The veep wars continued on Tuesday, with Rep. Paul Ryan responding to Monday’s comment from Vice President Joe Biden that “Osama bin Laden is dead and General Motors is alive,” by noting that in his hometown in Wisconsin, GM is actually quite dead.
“General Motors isn't alive in my hometown,” Ryan said on ABC’s Good Morning America. “The president came to Janesville before the plant shut down and said he would lead an effort to retool the plant. After the plant was shut down, he said he would retool the plant to get people back to work. They're still not back to work.”
The attack on Obama was a reiteration of an angle Ryan used in his convention speech last week, one that was disputed by fact-checkers.
On another appearance on NBC’s Today show, Ryan defended his GM claims. "What they are trying to suggest is that I said Barack Obama was responsible for the plan shut down in Janesville. That's not what I was saying. Read the speech."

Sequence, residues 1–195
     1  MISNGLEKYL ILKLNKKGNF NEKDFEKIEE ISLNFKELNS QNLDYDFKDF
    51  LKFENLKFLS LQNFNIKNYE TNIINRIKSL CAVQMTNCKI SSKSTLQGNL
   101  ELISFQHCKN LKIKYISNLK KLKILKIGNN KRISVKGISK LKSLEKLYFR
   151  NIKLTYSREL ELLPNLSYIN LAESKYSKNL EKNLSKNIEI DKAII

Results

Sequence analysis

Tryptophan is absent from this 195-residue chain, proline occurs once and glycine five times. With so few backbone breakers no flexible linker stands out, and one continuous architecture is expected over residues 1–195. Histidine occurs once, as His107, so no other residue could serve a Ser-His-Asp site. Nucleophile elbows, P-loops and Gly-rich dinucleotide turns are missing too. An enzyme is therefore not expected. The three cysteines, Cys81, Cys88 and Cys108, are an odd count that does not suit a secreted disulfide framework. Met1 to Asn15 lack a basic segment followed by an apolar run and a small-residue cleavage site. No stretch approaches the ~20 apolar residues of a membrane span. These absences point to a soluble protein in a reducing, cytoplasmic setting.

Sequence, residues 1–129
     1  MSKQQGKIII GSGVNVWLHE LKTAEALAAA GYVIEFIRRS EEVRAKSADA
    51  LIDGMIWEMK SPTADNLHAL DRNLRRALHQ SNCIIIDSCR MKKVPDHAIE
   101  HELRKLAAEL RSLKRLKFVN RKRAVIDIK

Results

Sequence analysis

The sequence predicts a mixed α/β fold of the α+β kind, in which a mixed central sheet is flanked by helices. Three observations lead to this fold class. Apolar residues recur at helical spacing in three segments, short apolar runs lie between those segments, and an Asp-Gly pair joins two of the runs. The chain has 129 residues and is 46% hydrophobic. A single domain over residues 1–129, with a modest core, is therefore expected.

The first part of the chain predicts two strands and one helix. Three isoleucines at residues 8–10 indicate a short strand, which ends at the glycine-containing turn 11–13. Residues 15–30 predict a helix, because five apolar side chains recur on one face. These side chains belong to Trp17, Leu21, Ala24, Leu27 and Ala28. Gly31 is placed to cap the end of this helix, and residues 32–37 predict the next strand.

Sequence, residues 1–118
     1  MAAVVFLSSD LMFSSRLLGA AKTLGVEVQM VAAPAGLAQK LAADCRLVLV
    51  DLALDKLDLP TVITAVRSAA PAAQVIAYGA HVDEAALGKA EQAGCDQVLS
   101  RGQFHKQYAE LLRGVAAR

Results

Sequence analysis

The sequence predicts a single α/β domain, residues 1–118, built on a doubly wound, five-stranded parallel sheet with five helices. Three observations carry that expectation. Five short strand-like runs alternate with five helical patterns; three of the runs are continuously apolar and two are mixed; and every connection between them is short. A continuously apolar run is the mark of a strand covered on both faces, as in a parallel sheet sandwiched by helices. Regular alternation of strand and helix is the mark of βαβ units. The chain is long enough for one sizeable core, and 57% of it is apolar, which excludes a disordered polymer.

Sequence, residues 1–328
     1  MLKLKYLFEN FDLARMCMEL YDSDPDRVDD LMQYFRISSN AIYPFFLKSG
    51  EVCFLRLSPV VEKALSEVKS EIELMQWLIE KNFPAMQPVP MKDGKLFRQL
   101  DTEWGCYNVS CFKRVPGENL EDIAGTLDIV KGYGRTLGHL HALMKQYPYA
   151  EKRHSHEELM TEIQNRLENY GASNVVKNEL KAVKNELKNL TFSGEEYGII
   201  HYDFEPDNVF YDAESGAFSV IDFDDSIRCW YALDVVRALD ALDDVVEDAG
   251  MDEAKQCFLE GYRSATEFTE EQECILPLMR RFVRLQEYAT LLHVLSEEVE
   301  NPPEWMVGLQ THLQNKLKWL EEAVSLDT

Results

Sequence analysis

Host Matt Lauer said Ryan left the impression that Obama failed on a promise to save the GM plant, even though it closed before he came into office. “The promise was that he was going to open the plant," Ryan responded. "The promise was he was going to lead an effort to retool the plant so that people would be open and go back to work and it would be open for another 100 years. The point is he filled people with hope as he traveled around the country running for president making grandiose statements and promises which are just not true.”
ON CBS’s This Morning, Ryan was asked about his support of a December 2008 auto bailout package, which Mitt Romney opposed. When asked if he would have withheld his support now, Ryan responded: “No, I supported the bailout that was in the House as a means of preventing TARP from being used for the bailout. I did not think we should open up TARP because we would have had unlimited exposure for taxpayer dollars.” He added that his position was similar to Romney’s proposal for “managed bankruptcy.”
Ryan was also asked about Obama grading himself an 'incomplete' once again on the economy. "Four years into a presidency and it’s incomplete? The president is asking people just to be patient with him?" He added that the economy should be "bouncing out" of the recession, not lagging in job growth.